Surrounded by stately oak and eucalyptus trees and exhilarating Santa Ynez Mountain views, a couple living in the stylish enclave of Montecito in Santa Barbara County were understandably enamored with the location.
But the homeowners, an opera singer and talent manager, weren’t completely happy because they yearned to savor it from a remodeled house. Craving something bolder, a place that fully engaged with the glorious outdoor setting, they hired a contractor. When he realized he needed additional help with the overhaul, he suggested adding Anacapa to the fold.
Dan Weber, founder and principal architect of the Santa Barbara–based firm, wasn’t too impressed upon seeing the abode. "It was a pretty drab, California ranch-style with a brown shingle gable roof and T1-11 composite wood siding, but it was sitting on this amazing piece of property," he recalls.
Although the 2,500-square-foot dwelling did not expand in size, its personality was completely transformed by Weber’s decision to amplify mountain views through vast spans of glass along the north facade. To maintain the minimalist vibe, a standing-seam metal roof now caps the home.
From the beginning, Weber determined that a dark palette was one of the best ways to revive the residence, but realizing that the budget was modest, he was ready to merely paint the siding that was already in place. As the couple became more invested in the renovation, however, they sprung for the higher-quality alternative of shou sugi ban.
Anacapa replaced the original board-and-batten exterior siding with cedar weathered by the shou sugi ban technique, and the petite adjacent guesthouse—used as an office when friends aren’t visiting for one of the owners’ meditation retreats—now flaunts the same look.
Inside the main house, dropped ceilings were eradicated, leaving the wooden ceiling structure exposed to lend a sense of openness, an impression that is reinforced through the overall revision of the floor plan.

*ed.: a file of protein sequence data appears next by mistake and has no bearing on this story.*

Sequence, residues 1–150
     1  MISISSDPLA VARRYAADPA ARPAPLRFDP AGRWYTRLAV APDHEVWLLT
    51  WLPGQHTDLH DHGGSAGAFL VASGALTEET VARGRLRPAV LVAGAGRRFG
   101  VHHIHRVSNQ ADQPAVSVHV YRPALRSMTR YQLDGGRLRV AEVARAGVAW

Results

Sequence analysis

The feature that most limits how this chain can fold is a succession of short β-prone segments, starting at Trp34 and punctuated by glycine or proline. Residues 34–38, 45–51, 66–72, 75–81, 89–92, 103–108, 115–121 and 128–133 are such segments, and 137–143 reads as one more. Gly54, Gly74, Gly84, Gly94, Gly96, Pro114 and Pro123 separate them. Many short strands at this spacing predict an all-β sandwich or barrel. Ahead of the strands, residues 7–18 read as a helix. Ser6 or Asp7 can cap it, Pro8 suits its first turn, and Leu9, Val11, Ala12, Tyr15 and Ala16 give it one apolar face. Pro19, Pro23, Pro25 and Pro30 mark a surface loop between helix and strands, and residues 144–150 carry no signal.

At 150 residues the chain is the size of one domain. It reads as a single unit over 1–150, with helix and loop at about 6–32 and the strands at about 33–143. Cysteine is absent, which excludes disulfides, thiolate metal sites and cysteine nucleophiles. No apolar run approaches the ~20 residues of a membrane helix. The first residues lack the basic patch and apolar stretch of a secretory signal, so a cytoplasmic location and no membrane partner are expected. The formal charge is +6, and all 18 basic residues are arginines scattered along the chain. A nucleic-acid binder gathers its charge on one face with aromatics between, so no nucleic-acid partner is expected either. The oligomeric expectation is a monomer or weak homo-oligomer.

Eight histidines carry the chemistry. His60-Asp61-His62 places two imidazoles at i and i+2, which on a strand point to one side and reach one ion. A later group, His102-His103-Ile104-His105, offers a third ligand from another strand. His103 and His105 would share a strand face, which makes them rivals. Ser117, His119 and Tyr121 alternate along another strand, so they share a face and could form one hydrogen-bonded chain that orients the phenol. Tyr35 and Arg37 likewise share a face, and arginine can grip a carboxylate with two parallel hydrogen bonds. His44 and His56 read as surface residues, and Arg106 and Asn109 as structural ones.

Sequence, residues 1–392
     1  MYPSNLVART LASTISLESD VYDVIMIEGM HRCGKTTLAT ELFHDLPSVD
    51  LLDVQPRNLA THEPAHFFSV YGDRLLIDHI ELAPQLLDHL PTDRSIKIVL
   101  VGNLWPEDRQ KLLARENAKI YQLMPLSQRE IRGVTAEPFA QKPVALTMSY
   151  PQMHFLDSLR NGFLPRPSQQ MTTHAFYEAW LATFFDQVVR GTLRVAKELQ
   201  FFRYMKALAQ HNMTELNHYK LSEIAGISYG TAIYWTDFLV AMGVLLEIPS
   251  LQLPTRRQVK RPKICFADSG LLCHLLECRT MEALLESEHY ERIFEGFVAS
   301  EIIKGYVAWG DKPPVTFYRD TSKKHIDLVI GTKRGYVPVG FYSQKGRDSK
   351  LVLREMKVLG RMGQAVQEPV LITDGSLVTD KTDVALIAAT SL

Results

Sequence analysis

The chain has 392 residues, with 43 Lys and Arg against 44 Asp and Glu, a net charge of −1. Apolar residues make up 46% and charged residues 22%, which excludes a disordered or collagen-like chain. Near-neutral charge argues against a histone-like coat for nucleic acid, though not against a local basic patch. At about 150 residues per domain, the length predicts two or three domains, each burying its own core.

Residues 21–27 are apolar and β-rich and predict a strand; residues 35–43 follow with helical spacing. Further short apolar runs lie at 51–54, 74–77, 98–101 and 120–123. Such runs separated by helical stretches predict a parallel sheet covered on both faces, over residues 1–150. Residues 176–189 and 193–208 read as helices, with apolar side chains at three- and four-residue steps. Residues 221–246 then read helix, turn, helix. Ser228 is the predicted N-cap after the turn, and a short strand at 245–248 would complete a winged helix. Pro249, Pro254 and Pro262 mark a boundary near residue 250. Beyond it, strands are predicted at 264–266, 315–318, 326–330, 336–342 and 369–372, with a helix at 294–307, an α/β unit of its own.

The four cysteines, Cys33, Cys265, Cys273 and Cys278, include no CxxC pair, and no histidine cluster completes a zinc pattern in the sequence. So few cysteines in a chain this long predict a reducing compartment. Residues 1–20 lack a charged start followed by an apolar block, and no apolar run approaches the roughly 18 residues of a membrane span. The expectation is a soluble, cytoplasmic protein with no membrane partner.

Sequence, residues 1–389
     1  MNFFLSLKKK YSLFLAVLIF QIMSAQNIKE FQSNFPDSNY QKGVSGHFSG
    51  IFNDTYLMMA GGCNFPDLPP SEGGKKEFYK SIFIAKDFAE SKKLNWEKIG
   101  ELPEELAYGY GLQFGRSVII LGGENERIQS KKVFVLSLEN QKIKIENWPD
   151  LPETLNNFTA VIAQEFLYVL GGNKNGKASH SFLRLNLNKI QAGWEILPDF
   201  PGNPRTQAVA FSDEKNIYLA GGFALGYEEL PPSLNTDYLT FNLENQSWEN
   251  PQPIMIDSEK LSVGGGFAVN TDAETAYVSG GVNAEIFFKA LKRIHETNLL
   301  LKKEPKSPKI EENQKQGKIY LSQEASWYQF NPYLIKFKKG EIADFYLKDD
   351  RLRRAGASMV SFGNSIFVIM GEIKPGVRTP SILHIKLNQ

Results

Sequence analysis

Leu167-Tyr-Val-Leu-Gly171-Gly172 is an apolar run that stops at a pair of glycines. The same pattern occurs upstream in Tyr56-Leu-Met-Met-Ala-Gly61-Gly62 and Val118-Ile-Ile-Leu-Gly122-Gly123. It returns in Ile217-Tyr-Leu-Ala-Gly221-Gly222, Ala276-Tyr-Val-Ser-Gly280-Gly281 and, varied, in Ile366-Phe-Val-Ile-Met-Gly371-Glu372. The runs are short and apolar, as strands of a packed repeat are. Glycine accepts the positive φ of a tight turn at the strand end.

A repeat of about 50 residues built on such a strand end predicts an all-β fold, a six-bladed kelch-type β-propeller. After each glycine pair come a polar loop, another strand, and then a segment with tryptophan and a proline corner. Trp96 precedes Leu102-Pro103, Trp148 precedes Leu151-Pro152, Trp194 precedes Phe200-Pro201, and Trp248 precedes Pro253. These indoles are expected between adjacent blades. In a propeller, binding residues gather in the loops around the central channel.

"A couple of small bedrooms were combined to make one master suite, the bathroom suite was enlarged, and interior partition walls were removed to make one huge space," Weber explains.
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Santa Barbara studio Bailey Peace Design handled the interiors, and the objective, says cofounder Betsy Peace, was bringing the outside in, "collaborating with Anacapa to create a quiet sanctuary with clean, modern lines, softened by elemental materials."
Hushed white walls, for example, contrast with the dark, burnt shou sugi ban exterior. Even the couple’s writing desks were crafted from the same big tree, fostering dialogue between indoors and outdoors. "The result is nature glowing against the shou sugi ban in perfect harmony, and the interiors almost feel as though you are outside," adds Peace.
Other than the pendants over the bed and the sconces in the dining room, all lighting fixtures were chosen to blend with the architecture and grounds. Each piece of furniture was handled like a fine sculpture, and materials, including the stone used on the countertops, possess a certain dignity.
"We poured concrete floors to expand from the inside out, so that it feels like the house is floating," says Peace. "The neutral palette of earth tones allows for texture and grounding."
More by Anacapa:
Builder/General Contractor: Richard Scibird
Structural Engineer: Ashley & Vance Engineering
Interior, landscape, and lighting design: Bailey Peace Design (Kelli Bailey and Betsy Peace)
Photography: Erin Feinblatt
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